Before You Pull Over: 5 Practical (and Legal) Tips to Avoid a Speeding Ticket

Speeding is something every driver on the road has done at least once in their years of being behind the wheel. Some of these violators may have been ticketed, some may have gotten away with it on more than one occasion. The point, though, is that it’s a common thing for motorists.

car speedAbout 41 million people receive speeding tickets yearly, which makes up about 20% of all drivers. Major states including California, New York, and Ohio make up the top states that issue the most driving citations.

While drivers are required to follow all traffic laws, sometimes, it’s not the case. Case in point, the statistics mentioned earlier.

With that, here are a few practical (and legal) tips to help you steer clear of encounters with highway patrol officers.

1.  Be aware not just of the road and the vehicle, but also with what’s happening around you. If traffic is moving slow, there’s a reason. Know the times and conditions where you need to reduce speed lower than the posted speed limit.

2.  Be ready for anything. Times have changed and technology is proving useful to everyone, including law enforcement. Speed cameras, dash cams, radars, and other speed traps can all be lurking somewhere, just waiting for you to speed up a few miles over the posted limit.

3. Keep calm and be quiet. Just present your license and registration, along with your insurance card. Remember that you don’t have to answer any questions, especially when doing so means admitting fault.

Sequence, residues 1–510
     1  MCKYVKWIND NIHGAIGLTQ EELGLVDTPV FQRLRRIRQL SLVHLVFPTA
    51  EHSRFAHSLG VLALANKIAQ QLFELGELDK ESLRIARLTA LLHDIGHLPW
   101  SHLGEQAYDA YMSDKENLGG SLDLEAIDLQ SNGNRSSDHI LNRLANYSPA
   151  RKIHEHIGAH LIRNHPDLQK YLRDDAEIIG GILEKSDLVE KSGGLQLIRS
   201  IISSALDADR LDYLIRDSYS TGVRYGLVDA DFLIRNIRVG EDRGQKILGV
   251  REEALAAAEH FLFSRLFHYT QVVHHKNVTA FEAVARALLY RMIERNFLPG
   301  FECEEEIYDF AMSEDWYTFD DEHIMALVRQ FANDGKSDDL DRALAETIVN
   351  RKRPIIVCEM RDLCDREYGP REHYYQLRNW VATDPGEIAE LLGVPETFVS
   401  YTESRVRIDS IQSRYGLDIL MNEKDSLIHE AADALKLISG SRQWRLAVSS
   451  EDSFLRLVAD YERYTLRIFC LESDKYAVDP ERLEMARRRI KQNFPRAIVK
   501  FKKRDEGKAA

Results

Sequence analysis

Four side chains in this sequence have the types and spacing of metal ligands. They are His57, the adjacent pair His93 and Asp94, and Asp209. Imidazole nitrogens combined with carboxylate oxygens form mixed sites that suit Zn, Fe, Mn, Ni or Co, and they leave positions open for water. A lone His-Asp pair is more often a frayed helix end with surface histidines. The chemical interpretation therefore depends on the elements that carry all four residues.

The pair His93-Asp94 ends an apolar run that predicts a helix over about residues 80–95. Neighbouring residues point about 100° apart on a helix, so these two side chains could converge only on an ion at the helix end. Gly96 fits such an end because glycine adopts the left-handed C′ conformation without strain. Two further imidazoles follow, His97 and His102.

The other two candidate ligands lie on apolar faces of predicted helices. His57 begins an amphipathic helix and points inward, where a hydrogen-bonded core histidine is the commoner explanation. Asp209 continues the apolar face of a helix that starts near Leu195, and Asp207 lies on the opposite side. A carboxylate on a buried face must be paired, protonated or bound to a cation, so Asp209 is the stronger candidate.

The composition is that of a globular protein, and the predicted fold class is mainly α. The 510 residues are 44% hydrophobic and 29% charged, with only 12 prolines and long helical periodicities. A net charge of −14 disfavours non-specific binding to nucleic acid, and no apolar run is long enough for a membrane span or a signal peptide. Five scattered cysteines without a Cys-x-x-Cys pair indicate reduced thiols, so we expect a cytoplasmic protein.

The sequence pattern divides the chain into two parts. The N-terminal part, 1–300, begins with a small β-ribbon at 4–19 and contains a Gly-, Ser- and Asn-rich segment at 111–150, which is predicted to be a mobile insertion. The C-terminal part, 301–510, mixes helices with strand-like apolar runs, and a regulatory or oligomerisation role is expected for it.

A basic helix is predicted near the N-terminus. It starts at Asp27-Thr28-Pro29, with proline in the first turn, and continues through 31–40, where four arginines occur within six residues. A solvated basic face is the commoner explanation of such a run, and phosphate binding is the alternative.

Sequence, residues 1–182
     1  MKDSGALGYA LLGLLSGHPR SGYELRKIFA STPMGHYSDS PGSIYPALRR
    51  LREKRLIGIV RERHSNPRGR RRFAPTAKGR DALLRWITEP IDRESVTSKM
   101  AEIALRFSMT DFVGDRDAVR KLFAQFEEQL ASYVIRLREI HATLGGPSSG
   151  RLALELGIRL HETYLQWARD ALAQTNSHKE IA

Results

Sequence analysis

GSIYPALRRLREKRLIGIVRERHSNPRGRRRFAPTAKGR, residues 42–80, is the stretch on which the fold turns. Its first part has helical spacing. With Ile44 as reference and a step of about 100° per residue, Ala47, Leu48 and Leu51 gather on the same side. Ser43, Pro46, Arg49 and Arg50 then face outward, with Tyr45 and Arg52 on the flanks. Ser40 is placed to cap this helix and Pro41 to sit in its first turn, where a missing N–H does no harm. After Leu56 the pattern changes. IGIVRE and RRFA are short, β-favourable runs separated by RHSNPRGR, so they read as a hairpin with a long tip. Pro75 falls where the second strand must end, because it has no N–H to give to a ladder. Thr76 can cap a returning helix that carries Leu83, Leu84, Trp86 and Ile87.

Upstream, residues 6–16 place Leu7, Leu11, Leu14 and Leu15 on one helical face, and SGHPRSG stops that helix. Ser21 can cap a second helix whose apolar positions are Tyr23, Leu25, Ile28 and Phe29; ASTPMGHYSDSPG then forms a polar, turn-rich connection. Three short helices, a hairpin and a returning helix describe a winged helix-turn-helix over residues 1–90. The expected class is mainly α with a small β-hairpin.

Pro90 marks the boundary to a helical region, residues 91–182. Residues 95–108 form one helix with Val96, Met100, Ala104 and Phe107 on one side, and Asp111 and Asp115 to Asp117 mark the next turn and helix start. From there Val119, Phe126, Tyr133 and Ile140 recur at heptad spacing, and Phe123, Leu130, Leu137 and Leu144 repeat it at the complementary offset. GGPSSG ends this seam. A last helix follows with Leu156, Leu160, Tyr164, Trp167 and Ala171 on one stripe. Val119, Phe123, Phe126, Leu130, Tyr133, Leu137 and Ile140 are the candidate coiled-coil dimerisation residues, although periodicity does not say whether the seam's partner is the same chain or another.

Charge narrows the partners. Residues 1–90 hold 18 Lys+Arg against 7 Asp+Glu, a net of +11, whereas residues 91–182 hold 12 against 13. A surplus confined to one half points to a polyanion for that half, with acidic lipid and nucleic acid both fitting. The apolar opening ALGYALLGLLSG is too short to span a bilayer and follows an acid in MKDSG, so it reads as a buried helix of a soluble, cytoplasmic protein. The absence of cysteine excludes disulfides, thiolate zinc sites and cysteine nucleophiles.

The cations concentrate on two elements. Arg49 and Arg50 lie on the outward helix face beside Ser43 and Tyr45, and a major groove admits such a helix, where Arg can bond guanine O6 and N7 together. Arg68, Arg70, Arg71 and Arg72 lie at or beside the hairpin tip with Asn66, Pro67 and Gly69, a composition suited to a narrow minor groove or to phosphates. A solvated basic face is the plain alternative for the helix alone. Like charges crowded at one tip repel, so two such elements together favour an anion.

Tell them you’re asserting your right to remain silent, or that they need to speak to your lawyer. Remember also to do it in a nice, polite, and respectful way. Being a jerk or disrespecting authority will only get you in more trouble. Let your speeding ticket lawyer do the talking.

4.  Challenge every ticket. You have the right to due process, so it’s always a good idea to exercise it, especially if you think the highway patrol officer was being unreasonable or was wrong in interpreting the law.

5.  Argue your case. The judge will hear you out, but remember, they’re there as part of the revenue-collection mechanism that is traffic violations. Instead of focusing your defense on the fault of others, give them a reason to dismiss your case because you aren’t guilty.

The best advice is still to not go over the speed limit, but for those times when you forget to look at your speedometer and be ticketed, it is always best to know all your options.

About the Author

As a New York-based psychologist. Thelma Scott has conducted several seminars tackling adult autism.